I also like the one I wrote on importing data from Microsoft Excel into SharePoint using PowerShell (http://social.technet.microsoft.com/wiki/contents/articles/18830.sharepoint-2010-importing-data-from-an-excel-file-into-a-sharepoint-list-using-powershell.aspx). It demonstrates how easy it is to get data into SharePoint. I used a similar script a few weeks back to import a few million records from an Access Database into SharePoint lists, manipulating the data along the way.
#### What's one of your favorite Wiki articles?
Backup and Restore IIS Web Server Configuration through PowerShell (http://social.technet.microsoft.com/wiki/contents/articles/10526.sharepoint-2010-backup-and-restore-iis-web-server-configuration-through-powershell.aspx). I really like this article. It's a very helpful article, explained thoroughly, and it was something I was previously unaware of. It made it into our backup and restore procedure.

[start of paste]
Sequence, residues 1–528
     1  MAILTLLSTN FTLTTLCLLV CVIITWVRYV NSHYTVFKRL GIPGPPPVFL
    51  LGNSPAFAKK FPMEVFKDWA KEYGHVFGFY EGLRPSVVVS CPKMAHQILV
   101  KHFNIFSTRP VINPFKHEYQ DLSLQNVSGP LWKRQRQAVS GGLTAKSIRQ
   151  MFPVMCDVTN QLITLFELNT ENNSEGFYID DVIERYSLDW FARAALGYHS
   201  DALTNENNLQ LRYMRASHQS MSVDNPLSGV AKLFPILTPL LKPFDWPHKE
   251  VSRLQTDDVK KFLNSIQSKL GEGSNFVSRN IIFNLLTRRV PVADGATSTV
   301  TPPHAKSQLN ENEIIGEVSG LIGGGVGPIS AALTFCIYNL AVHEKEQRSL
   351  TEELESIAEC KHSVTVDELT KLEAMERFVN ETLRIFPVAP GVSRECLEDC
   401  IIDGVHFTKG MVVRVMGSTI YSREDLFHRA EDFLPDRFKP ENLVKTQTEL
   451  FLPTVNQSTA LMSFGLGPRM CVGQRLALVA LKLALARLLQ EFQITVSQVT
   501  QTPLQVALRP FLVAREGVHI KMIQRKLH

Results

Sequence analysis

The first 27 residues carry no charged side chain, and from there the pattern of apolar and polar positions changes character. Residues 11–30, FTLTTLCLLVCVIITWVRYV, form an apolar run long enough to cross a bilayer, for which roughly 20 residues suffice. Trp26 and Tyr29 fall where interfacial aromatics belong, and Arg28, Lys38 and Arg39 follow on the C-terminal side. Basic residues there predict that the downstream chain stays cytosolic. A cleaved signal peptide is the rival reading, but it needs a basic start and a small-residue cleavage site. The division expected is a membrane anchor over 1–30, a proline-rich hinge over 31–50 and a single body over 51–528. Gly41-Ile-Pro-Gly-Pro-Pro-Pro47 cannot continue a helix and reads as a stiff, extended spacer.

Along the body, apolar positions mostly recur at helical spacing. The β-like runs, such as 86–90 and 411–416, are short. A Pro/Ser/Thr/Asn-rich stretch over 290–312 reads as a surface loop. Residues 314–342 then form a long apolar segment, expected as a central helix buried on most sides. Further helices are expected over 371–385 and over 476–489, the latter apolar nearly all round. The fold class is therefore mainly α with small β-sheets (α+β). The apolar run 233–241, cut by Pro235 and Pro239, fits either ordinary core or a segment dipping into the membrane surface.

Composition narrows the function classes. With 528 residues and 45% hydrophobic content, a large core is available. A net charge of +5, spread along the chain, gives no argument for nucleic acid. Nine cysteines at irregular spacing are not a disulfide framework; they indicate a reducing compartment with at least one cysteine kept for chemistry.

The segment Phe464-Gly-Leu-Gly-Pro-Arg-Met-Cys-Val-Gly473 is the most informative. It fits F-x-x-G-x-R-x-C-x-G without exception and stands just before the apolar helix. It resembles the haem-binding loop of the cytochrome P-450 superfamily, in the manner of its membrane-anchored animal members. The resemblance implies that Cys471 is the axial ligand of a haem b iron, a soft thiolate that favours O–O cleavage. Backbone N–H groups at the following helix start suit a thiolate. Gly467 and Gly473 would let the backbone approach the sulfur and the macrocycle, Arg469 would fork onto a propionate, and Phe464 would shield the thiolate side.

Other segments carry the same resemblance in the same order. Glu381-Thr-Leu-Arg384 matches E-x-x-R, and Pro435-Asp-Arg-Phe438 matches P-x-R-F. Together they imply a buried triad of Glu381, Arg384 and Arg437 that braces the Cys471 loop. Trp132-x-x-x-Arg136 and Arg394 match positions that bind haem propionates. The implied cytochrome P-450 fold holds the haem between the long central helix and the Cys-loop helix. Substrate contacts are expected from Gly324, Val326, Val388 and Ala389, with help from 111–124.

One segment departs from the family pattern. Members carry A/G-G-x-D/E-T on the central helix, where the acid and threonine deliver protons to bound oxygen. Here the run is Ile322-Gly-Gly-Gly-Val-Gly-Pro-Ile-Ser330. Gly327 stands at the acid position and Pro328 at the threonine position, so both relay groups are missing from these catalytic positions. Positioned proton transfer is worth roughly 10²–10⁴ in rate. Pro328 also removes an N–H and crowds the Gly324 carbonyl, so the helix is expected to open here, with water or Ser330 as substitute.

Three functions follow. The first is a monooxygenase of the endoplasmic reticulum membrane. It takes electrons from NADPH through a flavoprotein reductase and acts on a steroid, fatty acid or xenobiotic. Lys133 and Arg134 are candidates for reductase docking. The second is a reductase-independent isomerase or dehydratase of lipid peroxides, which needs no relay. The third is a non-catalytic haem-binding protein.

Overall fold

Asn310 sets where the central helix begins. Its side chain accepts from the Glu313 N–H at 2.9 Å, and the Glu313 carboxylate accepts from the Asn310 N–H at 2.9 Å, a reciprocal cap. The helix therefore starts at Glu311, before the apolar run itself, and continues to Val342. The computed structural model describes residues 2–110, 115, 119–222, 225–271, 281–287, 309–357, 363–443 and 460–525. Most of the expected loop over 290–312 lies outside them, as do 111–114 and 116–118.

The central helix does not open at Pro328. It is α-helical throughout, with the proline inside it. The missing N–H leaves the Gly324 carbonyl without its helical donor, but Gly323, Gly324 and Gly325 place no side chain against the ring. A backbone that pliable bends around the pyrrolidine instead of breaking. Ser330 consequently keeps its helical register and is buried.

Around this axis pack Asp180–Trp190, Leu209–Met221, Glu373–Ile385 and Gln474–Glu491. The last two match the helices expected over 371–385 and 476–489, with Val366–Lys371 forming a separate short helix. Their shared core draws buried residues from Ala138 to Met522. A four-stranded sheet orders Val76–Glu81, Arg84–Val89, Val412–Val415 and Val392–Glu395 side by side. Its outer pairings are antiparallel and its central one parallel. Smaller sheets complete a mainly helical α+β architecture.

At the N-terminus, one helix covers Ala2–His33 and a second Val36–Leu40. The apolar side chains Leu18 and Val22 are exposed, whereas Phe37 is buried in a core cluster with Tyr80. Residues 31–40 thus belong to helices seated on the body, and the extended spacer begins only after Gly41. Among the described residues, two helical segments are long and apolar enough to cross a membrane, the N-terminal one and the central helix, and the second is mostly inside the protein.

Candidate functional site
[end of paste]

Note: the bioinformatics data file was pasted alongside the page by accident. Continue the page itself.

#### What does success look like for TechNet Wiki?
If you take the example of Wikipedia, where you can search for almost any subject and find an article written about it, and have a sense that the information in the article is fairly accurate, having been written and improved by multiple domain experts. I think this is where success lies for the TechNet Wiki; articles that are helpful, insightful and accurate, written by a number of domain experts. A place where the community of professionals (that use Microsoft products) can come to for information. Information they can trust is accurate because it's backed by a thriving community of people who are ontributing, improving and moderating the content provided there.